On Mercurial Words

When reflecting on what ancient languages a serious student of the Hebrew Bible needs to know I quoted a sentence from Mark Wilson’s masterful Wandering Significance: An Essay on Conceptual Behavior. Here’s another quotation from Wilson, 567, on the nature of language, particularly predicates that I think interesting,

Words commonly display quite mercurial personalities: on a given day they can display a flash of temperament that may not be seen again for a long time. A term may have been shaped by factors in which we presently retain little interest, and would prefer to detoxify away, yet their relevance can return to befuddle us in ways we cannot readily anticipate. Normally we would prefer that our descriptive vocabulary not find itself tightly chained to specific strands of practical advantage, but sometimes complete escape from strategy’s confines is not easy. Sometimes the shaping winds of opportunity will have placed our predicates over territory from which no viable prolongations extend, however much we might believe that they do and wish that they might.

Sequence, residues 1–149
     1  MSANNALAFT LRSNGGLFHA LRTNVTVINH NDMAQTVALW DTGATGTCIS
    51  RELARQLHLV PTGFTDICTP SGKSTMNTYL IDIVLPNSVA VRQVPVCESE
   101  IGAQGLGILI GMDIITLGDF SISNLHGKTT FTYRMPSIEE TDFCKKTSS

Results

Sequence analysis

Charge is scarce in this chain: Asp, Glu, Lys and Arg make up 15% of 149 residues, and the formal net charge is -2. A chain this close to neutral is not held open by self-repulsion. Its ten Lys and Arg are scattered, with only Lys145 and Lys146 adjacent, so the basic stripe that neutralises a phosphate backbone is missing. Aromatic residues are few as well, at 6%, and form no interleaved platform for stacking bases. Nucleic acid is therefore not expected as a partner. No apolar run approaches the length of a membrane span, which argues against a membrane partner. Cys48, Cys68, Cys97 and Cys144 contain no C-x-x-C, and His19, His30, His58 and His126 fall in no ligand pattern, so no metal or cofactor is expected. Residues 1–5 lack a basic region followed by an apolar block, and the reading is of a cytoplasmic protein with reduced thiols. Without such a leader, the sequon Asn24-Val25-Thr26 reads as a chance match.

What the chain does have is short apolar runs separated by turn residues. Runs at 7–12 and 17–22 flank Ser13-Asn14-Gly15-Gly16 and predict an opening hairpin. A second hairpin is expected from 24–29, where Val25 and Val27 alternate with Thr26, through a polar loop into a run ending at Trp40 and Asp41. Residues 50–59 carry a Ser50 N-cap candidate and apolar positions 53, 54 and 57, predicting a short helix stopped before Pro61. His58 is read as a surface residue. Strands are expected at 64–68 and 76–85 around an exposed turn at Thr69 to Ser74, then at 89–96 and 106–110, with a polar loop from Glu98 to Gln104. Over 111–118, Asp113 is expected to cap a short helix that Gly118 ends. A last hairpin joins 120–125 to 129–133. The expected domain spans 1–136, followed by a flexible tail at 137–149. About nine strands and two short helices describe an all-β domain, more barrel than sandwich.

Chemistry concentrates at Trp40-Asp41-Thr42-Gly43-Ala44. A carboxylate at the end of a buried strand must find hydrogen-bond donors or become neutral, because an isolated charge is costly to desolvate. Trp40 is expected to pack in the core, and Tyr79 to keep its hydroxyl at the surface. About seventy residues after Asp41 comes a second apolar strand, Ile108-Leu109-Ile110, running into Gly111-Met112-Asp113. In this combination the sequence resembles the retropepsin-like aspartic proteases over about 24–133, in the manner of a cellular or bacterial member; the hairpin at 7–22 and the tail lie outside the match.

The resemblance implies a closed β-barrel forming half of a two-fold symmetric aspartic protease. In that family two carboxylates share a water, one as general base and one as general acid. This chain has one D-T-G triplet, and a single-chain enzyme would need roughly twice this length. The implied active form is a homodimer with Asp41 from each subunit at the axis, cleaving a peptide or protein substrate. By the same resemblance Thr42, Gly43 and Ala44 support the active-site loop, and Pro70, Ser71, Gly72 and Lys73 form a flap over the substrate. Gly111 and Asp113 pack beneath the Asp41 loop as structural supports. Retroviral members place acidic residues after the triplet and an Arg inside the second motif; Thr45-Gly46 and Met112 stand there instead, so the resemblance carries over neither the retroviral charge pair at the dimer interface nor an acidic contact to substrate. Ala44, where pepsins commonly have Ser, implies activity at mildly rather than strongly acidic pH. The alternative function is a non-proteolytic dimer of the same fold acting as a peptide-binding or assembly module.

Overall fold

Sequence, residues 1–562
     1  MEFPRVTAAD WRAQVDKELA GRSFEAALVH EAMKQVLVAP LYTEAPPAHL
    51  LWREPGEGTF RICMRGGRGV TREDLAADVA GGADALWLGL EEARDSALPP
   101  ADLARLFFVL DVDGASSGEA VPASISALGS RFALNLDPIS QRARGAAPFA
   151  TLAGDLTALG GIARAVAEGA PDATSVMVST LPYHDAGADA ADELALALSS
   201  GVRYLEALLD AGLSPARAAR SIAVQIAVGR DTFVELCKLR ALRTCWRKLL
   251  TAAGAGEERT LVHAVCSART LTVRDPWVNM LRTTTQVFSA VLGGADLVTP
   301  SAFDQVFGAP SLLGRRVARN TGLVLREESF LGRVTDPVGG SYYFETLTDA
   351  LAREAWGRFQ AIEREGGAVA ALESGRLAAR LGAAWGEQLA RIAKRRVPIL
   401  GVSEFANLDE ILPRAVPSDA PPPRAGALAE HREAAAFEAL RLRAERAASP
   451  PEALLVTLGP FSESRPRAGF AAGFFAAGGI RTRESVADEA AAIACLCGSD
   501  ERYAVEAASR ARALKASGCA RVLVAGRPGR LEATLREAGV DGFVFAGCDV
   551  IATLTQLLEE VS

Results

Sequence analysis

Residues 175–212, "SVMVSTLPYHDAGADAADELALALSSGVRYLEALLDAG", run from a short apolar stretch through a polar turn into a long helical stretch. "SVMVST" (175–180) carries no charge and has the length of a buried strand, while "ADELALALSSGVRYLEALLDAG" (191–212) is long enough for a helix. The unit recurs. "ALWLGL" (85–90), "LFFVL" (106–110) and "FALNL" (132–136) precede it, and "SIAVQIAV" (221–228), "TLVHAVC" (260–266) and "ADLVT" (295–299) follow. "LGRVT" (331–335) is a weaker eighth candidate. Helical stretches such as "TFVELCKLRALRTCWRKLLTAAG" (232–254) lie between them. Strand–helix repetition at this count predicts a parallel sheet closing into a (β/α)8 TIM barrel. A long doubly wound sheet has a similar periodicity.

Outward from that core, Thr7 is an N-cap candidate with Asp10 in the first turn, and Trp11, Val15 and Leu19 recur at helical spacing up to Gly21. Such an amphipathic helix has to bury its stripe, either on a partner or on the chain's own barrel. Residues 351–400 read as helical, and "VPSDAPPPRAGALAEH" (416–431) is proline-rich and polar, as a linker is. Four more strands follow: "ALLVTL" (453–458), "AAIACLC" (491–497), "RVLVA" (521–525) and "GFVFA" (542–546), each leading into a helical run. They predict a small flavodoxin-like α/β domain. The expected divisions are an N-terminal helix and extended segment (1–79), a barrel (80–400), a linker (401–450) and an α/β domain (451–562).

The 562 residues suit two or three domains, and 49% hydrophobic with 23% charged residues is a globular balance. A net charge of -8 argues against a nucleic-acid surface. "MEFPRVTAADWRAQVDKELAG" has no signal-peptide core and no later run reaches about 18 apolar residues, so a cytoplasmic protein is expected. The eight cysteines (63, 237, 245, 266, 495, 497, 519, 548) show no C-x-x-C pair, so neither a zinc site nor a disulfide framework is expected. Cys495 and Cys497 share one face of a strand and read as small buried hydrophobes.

To fully understand this quotation one must have plowed through the previous 566 pages and anticipate the nearly 100 that are yet to come. Wilson himself describes much of his discourse as “long winded.” But it is well worth the time and occasional agony. That said, I do think this quotation can stand alone. Language has its own uncontrollable qualities that frustrate and sometimes worry us. But what is really abnormally interesting is that we can still communicate, when we make an effort, at a rather high level of reliability. Of course, Wilson doesn’t think otherwise.